Getting it together in the connected home
The AMEC project recently won the 2007 ITEA Gold Achievement Award for its outstanding contribution to home technology innovation. Participants from the Netherlands, Spain and Turkey set out to explore how an adaptive, intuitive and ambient ecology of products, content, applications and services could support domestic life in the connected home of the future.
In the future, everyday home devices, from TV and entertainment systems to domestic appliances and even light bulbs, will become fully interconnected. AMEC has convincingly demonstrated how people’s lives will be supported by an ambient ‘ecology’ of digital products, services, content and applications that are adaptive and intuitive to use. So, people can freely tailor their digital media and ‘wired’ experiences to their unique situations.
There is much talk about connecting and converging products, applications and services in the home but what sense does this make to the user? AMEC imagined a home of the future in which we will embrace a connected lifestyle. It set out to determine what products, services and applications would make sense and what underlying technologies would be necessary.
An unusual aspect of this technology project was its leadership by a design company. "We don’t believe innovation is relevant unless you understand consumer needs," explains Gavin Proctor of Philips Design in the Netherlands. "Our focus was not on technology for its own sake but on technology that makes sense to real users."
Philips Design wanted participants who were interested in the theme from different current networked domains. The consortium included consumer electronics manufacturers, mobile communications service providers and companies involved in home networks.
"We are all individuals with our different strengths and capabilities but we have a set of social rules that bind us together and enable us to get along with each other, to communicate and negotiate when we cannot achieve things individually to enable collaboration," explains Proctor. "Our approach was to create a means by which the network of products, applications and services could communicate and understand what each different individual product was capable of doing on its own, then requesting help if feasible."
The key result was a series of products, services and application concepts coupled with a fully functioning middleware/software framework. This framework is able to run on a domestic server in a future household that enables communications between different networks. It is extremely open, very extensible and complies with all existing standards without creating a new standard on its own. The framework also allows communications with non-intelligent products such as a light bulb. So, it is possible to connect to any type of device in the home from the most complex to the simplest.
Scenarios were created for all types of products and services that might be part of the ecology, ranging from applications and services on the living room TV down to a series of devices that can take media away from the TV and use it in other parts of the house.
"EUREKA played an important role, helping us find partners and funding," says Proctor. "This was the first ITEA project to have a partner from Turkey. ITEA was responsible for making the introduction and facilitating the financing, down to the level of encouraging the Turkish partner to engage in the project and help communicate the value that this would bring."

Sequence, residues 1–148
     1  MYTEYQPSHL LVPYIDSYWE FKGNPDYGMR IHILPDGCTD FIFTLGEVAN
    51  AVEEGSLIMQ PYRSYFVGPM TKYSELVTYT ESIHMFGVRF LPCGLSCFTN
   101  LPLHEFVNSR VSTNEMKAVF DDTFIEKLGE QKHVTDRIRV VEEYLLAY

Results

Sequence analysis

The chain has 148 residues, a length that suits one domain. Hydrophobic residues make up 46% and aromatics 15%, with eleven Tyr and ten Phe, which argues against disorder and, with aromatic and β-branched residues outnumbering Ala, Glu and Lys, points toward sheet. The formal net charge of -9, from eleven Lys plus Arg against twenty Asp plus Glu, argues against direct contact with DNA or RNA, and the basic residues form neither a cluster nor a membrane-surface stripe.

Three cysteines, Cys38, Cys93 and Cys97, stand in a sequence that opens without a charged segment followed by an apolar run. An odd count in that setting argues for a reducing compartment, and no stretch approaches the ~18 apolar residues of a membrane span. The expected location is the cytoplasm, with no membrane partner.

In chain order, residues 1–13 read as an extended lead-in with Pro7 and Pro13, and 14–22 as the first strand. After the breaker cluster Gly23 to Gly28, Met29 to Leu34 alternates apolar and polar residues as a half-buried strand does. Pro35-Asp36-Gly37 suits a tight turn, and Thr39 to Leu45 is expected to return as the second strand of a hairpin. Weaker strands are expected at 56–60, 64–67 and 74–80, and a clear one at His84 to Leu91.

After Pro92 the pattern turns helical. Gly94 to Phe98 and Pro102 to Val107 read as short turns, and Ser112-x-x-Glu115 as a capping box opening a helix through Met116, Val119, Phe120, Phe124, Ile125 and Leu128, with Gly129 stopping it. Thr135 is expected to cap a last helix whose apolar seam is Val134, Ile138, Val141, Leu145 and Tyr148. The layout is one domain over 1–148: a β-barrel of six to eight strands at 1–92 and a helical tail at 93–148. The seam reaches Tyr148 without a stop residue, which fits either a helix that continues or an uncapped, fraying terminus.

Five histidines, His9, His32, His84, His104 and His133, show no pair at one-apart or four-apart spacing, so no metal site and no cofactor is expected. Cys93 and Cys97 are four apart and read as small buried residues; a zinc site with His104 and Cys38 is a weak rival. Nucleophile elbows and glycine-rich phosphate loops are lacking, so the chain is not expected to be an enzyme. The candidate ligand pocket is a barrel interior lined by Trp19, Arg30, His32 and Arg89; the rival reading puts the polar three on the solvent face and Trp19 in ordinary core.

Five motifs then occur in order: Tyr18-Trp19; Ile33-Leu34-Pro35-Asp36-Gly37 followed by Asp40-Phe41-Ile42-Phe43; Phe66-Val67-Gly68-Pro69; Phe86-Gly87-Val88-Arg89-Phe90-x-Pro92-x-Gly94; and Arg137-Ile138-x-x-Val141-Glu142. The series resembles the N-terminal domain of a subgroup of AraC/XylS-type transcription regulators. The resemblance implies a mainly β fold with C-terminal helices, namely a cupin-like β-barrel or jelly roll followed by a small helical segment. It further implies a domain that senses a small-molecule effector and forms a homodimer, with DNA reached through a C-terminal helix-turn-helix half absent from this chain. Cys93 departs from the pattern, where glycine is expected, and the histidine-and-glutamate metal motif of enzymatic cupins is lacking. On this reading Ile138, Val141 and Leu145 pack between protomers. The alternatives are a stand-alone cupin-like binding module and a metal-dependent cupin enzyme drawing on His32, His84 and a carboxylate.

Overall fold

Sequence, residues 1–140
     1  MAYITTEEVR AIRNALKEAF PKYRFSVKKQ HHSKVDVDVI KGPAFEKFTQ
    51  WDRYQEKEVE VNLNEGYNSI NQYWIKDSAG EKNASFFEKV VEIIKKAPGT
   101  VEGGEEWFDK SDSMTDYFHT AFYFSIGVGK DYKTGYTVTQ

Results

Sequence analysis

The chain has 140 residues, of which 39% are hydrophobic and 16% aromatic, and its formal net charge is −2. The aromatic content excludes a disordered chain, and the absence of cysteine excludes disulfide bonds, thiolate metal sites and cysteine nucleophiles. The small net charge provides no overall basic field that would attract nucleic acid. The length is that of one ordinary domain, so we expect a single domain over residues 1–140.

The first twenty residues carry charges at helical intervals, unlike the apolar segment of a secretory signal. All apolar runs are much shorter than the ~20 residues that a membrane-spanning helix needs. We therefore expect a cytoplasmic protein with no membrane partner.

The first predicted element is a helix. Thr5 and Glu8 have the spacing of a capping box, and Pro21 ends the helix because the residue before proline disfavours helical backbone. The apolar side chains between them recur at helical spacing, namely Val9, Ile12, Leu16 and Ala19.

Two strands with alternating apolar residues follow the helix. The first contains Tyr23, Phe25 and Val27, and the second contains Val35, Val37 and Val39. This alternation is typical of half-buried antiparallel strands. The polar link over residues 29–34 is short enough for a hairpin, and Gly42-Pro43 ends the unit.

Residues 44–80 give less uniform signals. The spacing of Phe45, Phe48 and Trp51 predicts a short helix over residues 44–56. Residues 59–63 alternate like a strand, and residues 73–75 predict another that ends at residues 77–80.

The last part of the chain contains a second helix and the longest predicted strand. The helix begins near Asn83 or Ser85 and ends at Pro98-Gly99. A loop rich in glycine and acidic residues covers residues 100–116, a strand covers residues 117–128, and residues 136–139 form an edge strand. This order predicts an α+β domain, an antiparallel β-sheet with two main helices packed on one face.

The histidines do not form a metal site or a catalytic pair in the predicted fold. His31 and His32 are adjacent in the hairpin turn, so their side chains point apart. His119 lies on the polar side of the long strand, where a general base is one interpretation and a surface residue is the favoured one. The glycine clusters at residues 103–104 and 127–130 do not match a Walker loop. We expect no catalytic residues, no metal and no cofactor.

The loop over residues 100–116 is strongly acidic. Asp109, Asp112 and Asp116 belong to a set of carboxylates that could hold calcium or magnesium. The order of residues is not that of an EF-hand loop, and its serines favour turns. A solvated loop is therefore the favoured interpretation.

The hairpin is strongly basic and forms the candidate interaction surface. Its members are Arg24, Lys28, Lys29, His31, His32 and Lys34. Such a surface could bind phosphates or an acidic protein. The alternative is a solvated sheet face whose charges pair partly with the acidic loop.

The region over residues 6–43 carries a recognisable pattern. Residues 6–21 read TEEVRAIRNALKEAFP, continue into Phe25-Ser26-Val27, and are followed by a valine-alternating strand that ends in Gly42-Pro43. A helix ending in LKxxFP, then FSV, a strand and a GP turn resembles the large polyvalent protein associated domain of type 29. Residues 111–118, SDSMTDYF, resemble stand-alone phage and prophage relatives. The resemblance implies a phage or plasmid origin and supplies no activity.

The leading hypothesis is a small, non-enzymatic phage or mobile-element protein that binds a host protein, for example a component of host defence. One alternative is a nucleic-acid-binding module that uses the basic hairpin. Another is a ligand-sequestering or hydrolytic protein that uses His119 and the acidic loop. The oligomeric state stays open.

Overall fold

The term ‘ecology’ was central to the project. The traditional approach means developing a technological software platform to bring products and services together, defining what needs to be connected and then figuring out how. AMEC looked at what was going to be connected in the future and why it needed to be connected but not necessarily how. The idea was to realise an extremely open and extensible framework.
Ambient ecology sees the behaviour of connected products, applications and services like human society.
Other elements included a device that renders light ambience/mood setting in the living room depending on the music or film, a smart refrigerator, an intelligent shopping assistant that extends the network into a mobile scenario and a ‘life book’ or a personalised scrap book for users. By the end of the project, all the devices at different levels of prototyping were capable of communicating and connecting with each other where and when relevant - not just connectivity for its own sake but based on real user needs. Several of the partners, including Philips, are close to introducing the products onto the market. I no longer believe in differentiation through technology but through the application of technology.
Cooperation between a design organisation and technology companies was extremely motivating. "The vast majority of our technological partners embraced and appreciated our work and the focus we brought to the project. It changed their perspective on how to look at technology development and hopefully will encourage usercentric methodologies in future," says Proctor. "In the past, European companies were able to innovate purely on technology. Today, I no longer believe in differentiation through technology but through the application of technology. It is the applications that can be truly unique - and they must fit consumers’ needs. This is what ultimately makes the difference in the market place."
"People vote for your product or service based on whether they recognise its relevance and not whether it is a technological wonder. This is how consumers now react in Europe and is how Europe should differentiate itself in the global market. It is very easy for our competitors to reverse engineer anything that is digital in form. So, it is about leadership, about being first to market and being recognised as the innovator and provider of whatever new product or service."